Arab countries and Israel: between rapprochement and hostility NRS import | DW

The majority was clear: all members of the Iraqi parliament present during the session – 275 out of a total of 329 – voted last week for a law criminalizing any connection to Israel and Israelis. Violators can be punished with life imprisonment or even death. The law applies to Iraqis at home and abroad as well as to foreign institutions, companies and individuals working in Iraq.

According to media reports, the bloc of Shia militia leader Muqtada al-Sadr presented the bill. Following the Iraqi election last autumn, al-Sadr is seen as the country’s new strong man.

Punishment for Israeli contacts in Iraq

Historian and Middle East expert Peter Wien of the University of Maryland says al-Sadr is trying to raise his profile with the new law. Unlike other Shiite groups, he distances himself from Iran, which has great political influence in Iraq. “His opponents accuse him of going too far against the country’s Sunnis and Kurds instead.” The Kurds in particular are viewed with suspicion by part of the political establishment. They are sometimes suspected of wanting to push through further political independence efforts with Israeli help. From the point of view of many Iraqis, it would be a serious breach of taboo, analyzes Peter Wien. “That is why al-Sadr is trying to use the new law he initiated to position himself as a targeted spokesman for anti-Israel forces.”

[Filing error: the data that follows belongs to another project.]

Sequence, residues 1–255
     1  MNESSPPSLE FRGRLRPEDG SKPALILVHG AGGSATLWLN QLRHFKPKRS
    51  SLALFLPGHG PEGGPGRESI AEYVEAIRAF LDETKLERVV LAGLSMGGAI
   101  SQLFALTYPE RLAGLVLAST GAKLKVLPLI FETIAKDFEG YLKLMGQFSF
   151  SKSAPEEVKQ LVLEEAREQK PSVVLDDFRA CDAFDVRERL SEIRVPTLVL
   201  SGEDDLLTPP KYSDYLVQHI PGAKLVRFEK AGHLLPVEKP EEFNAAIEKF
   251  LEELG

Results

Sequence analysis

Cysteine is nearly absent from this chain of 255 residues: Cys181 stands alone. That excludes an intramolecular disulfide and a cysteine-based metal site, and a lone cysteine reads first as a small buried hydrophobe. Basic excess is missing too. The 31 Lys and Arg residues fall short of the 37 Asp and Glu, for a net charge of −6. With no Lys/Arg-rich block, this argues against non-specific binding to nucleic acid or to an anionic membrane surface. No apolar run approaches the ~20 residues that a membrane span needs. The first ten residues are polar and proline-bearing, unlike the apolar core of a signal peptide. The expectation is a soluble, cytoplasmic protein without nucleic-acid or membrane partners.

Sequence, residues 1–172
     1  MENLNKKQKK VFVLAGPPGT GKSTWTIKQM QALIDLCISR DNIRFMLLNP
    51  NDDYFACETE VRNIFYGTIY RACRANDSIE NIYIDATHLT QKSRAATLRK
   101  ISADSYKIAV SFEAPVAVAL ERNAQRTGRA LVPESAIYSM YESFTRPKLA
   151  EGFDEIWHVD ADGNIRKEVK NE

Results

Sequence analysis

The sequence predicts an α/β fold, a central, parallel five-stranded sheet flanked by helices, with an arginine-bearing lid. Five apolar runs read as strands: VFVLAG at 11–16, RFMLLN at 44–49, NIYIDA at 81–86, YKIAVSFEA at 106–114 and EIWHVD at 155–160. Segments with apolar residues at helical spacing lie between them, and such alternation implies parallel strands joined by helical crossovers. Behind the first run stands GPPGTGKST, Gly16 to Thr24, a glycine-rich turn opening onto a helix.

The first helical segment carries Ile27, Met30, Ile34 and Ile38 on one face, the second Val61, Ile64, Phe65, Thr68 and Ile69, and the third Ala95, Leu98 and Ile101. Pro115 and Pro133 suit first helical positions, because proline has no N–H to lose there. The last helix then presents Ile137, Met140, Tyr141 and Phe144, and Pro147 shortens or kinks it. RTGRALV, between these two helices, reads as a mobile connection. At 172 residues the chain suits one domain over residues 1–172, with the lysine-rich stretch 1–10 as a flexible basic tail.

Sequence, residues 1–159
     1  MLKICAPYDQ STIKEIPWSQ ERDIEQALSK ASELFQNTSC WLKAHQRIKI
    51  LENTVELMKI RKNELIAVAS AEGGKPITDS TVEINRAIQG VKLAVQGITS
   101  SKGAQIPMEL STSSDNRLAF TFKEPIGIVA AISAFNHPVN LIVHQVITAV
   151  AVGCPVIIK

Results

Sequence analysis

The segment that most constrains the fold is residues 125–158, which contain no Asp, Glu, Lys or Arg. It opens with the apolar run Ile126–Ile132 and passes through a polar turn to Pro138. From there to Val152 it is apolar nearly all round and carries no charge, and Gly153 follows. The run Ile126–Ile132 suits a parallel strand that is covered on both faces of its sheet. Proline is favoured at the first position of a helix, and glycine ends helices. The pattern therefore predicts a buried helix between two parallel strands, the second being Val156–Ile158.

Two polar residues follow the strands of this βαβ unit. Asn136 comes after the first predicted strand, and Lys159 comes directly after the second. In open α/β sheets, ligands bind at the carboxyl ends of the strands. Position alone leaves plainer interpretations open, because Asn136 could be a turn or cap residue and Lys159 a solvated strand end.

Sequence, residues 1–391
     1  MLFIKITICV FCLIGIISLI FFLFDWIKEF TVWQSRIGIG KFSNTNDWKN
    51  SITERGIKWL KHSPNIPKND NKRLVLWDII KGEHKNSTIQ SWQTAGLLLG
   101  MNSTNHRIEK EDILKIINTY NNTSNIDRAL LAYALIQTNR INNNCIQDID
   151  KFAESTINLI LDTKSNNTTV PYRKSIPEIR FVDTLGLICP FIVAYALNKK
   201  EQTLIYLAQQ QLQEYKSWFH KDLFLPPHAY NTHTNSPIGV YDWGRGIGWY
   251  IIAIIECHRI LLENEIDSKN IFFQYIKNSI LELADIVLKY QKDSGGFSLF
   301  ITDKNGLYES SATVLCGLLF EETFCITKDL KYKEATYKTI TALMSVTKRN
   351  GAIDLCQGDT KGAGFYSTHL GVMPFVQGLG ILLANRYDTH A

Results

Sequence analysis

In principle, however, the law is not a surprise, says Michael Kiefer, who teaches Islam at the University of Osnabrück. “It follows the line that Iraq, and in particular the Shia Muslim parliamentary majority, has positioned vis-à-vis Israel over the past few years.” According to Kiefer, however, Iraq is not the only country with anti-Israel tendencies, some of which are clearly anti-Jewish. Despite the rapprochement of other Arab states with Israel, which began in 2020, the phenomenon is still present in large parts of the region, especially as only a minority of the member states of the Arab League maintain official relations with Israel. “It’s not as violent as it was in the ’90s,” Kiefer says. “But politics can still be made with anti-Israel rhetoric.”